When puberty hit and my body changed all on its own into something that got attention I was thrilled even if I was only noticed by middle school boys and creepers on the street.  I relished my new ability to turn heads with no concern for the expectations that my Daisy Dukes and Spandex were stirring.  It didn’t take long before my attention craved self ended up  in dark basements and storage closets with guys who took my flirtations far more seriously than I intended.

And then my parents announced their divorce the Sunday after Junior prom.  I was still groggy from the night out when my mom woke me to break the news.  Suddenly life was a whirlwind and all that had meant stability was turning to dust and blowing away.

.    .    .

Yet in the midst of family chaos and my own increasingly self destructive choices I miraculously began connecting with a new group of friends. They were the very girls I used to make fun of, the ones I called “Bible Beaters” while I gossiped about how they threw snakes and did cartwheels in their church aisles.  If they wouldn’t have been quite so sweet and I quite so lonely I would have never gone for it, but they were that sweet and I was that lonely.  I found myself living two lives, one of sneaking out and drinking cheap beer and the other of Youth Group and mission trips.   I began to read my Bible but mainly just to check and see if the youth pastor’s claims were actually in there. I still look back at those pink highlighter marks I made my first time through the gospel of St. Luke.  It said, “If anyone would come after me, he must deny himself and take up his cross daily and follow me. For whoever wants to save his life will lose it, but whoever loses his life for me will save it.”

 

Redeption through pain a glimpse into my story: Reflections on C.S. Lewis' The Problem of Pain.

And then something happened. I was in my room alone the Thursday afternoon before Orthodox Easter of my senior year, not doing anything particular, or maybe getting ready to go to the church service that night with my Yiayia, when God showed up.  I didn’t see or hear anything, yet something was there, something I wasn’t looking for (at least so I thought) and wasn’t expecting. Suddenly I was being smothered by Peace and I never wanted it to stop.  And at the same time I was standing on the edge of a cliff and The Peace was telling me to jump. I knew that to jump meant to die  and give myself  to God and yet to not jump was  to die too, to suffocate in my own failure.  There was a choice and yet there was no choice, I had to jump.  In that afternoon everything changed.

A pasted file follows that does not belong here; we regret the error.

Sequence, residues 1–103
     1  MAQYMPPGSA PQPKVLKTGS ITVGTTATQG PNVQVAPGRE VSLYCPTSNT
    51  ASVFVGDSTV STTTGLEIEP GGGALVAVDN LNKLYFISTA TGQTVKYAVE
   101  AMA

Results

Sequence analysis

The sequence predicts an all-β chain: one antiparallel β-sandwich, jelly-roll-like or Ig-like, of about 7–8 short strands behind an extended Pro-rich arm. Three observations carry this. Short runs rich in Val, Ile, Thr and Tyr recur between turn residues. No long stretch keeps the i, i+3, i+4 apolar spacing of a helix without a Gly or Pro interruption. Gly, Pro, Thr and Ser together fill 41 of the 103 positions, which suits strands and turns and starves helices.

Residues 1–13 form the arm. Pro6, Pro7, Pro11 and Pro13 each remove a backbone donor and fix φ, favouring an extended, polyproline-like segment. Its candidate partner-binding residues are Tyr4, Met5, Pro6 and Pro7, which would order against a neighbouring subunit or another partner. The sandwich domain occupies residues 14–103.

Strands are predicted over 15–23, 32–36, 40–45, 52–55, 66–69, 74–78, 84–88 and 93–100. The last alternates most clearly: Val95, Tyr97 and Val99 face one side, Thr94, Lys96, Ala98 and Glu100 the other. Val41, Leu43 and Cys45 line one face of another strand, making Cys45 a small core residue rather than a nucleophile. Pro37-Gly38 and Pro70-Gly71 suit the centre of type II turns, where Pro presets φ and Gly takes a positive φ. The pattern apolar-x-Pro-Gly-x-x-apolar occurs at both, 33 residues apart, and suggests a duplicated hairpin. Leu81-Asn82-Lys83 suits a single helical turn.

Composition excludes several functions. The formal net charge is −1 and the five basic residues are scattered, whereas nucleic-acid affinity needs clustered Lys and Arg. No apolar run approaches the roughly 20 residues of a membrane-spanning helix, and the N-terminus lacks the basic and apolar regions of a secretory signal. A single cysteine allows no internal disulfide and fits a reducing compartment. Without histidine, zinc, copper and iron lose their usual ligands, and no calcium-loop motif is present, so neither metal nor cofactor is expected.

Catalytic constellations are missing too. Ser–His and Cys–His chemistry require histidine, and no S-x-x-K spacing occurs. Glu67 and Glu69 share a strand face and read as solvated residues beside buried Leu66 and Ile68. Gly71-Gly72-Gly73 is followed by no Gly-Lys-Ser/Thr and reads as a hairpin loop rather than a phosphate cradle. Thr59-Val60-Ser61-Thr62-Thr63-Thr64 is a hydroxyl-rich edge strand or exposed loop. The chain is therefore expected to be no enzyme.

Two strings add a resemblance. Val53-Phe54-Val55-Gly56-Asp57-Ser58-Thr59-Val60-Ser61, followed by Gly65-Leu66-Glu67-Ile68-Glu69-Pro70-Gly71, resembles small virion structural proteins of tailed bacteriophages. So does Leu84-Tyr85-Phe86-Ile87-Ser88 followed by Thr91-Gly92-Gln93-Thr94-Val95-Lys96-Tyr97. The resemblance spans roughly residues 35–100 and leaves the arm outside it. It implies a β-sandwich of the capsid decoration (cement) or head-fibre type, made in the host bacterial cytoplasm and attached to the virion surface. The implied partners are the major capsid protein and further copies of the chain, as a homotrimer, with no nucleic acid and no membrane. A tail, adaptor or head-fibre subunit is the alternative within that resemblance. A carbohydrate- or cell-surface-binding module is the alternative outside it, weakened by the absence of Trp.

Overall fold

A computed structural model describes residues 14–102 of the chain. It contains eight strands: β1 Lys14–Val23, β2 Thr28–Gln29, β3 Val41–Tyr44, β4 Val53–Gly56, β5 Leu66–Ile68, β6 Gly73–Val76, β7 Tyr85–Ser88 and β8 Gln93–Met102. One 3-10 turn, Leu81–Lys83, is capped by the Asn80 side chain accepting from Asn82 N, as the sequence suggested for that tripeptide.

On that day a change began in me. In addition to giving out Bibles as birthday presents and plastering my walls with Christian paraphernalia I became less angry and more hopeful.   And yet my conversion was by no means a cure to pain. I had a new confidence that God had a plan for me and I had intimate and stable friendships.  But I soon headed off to college and fell into old patterns of unhealthy relationships which I balanced out with self hate and bouts of anorexia.  After college I moved back home to be closer to my family but got antsy. I booked myself a flight to Europe, alone for 4 months.  I didn’t know it then but I was putting God to the test, running away and wondering if He would follow.

 

After Buckingham Palace and the Eiffel Tower I fell into the backpacking culture and soon began throwing myself at any male who gave me a second glance. I drank wine by the bottle, passed around hash and shacked up with a strangers for a free place to stay and a little taste of adventure.

 

I came home from that trip  ruined, (though its only been since becoming a mother myself that I’ve reflected on how much danger I really had put myself in) and it was right where I needed to be. I walked into the same living room with my old friends and the Bible study that they were still doing.  I was done. I had tried and failed. I couldn’t live by my own standards, maybe others could, but not me. I needed my friends and I needed God and they both met with arms open.

.    .    .

Right now we are reading The Problem of Pain, by C. S. Lewis in the Liturgy of Life Reading Group and reflecting on the role of  suffering in our lives which motivated me to share this story. Sometimes I feel ridiculous carrying on about my pain, after all most of my distress has resulted from my own poor choices. Nothing really “bad” has ever happened to me in my entire life.  What do I have to say to the Syrian refugee or the cancer patient?

But now I’m a doctor and I know that whether we shoot off our own foot or are hit in a drive by, the pain from our wound is there to tell us that there is something wrong, it compels us to seek help.  I’ve learned that we can either live our lives doped up on the morphine of our own ambitions or we can look for pain’s source. I’m convinced that all pain is a longing for wholeness, for health, for intimacy with our Creator.